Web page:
Police forces all over the world use specially trained police dogs for a variety of purposes. Every role in a police force is important, and each helps to enforce the law and protect citizens in its own way; however, tactical police work is often considered the most physically and mentally demanding of all tasks. Engaging a dangerous criminal requires an incredible amount of bravery and team-work. The end goal of any confrontation is to end the situation with as few injuries and casualties as possible.
When you introduce a poorly trained canine into a dangerous situation, it can make an already bad situation much worse. Proper training can mean a huge difference between a dog that endangers lives versus a dog that can save them. The single most important part of training a dog for tactical police work is to make sure it is trained to handle real danger in real situations. One aspect of this is to train for work with gunfire. During a confrontation, there is a very real chance that guns may be used by both the suspect as well as police officers. A poorly trained dog will immediately become confused and disoriented by such a situation, and will become a danger to all involved. On the other hand, a properly trained dog will be unaffected by the noise and commotion, will stay on target, and will be able to disarm the suspect efficiently.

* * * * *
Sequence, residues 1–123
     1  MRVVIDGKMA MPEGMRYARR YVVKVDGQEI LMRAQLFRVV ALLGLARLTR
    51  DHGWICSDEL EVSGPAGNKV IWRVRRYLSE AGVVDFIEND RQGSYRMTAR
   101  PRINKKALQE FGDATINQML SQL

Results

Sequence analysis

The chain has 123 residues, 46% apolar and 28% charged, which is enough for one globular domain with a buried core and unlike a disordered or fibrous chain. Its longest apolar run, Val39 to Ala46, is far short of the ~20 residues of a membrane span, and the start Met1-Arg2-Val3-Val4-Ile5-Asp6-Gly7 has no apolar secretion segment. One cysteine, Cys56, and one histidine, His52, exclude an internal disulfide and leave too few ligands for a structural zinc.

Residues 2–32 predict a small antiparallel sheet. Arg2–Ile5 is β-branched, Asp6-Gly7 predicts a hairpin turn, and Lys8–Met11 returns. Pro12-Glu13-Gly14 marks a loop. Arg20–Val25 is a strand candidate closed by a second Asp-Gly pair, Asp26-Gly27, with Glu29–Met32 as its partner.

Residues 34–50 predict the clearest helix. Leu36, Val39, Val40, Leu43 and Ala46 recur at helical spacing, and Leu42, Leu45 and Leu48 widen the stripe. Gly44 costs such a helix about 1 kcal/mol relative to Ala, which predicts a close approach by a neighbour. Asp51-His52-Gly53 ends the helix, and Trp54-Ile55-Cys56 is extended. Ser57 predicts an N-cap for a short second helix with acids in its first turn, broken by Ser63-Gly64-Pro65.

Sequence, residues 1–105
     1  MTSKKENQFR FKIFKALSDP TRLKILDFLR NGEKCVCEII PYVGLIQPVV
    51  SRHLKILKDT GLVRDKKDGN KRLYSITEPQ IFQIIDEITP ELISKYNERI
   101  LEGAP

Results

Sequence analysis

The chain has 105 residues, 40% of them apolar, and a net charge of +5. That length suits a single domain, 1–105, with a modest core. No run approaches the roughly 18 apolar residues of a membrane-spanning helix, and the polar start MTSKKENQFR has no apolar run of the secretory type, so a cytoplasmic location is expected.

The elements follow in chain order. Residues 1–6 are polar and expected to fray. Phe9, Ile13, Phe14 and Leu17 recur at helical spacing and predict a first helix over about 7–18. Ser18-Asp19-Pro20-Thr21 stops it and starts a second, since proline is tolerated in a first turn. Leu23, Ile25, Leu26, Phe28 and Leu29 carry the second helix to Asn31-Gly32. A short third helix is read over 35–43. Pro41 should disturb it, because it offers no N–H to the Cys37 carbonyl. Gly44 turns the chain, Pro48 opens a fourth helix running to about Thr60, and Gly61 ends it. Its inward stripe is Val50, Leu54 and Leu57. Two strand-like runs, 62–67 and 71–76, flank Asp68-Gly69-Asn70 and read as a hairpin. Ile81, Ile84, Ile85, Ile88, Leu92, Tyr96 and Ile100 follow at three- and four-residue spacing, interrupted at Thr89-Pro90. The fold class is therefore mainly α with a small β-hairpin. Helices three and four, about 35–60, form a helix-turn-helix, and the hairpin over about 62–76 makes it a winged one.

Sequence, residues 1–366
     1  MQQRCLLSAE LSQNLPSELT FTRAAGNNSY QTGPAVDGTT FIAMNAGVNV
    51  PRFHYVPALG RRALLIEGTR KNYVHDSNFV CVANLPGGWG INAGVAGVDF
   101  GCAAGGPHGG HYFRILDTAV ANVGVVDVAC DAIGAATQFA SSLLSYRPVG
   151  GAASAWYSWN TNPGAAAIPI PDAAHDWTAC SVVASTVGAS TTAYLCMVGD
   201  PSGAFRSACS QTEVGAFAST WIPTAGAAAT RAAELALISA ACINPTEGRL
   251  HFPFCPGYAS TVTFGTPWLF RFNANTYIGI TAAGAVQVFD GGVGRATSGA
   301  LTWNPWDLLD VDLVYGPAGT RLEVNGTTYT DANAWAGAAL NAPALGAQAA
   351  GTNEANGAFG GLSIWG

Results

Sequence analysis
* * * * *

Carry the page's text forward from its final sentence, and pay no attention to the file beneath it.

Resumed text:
Of course, there’s more to working effectively with a tactical police dog than having a dog that’s trained properly. The officers involved must also be able to work efficiently with the dog. The handler is responsible for ensuring that the officers involved know what to expect, and how the dog has been trained to react to different situations. This is especially important when introducing canine units into police forces who may not have any prior experience working with police dogs.
Canine protection is not a game. It takes a well-trained police protection dog, be it a German Shepherd, Belgian Malinois or Dutch Shepherd, to work effectively with a police force and to help ensure the safety of everyone involved.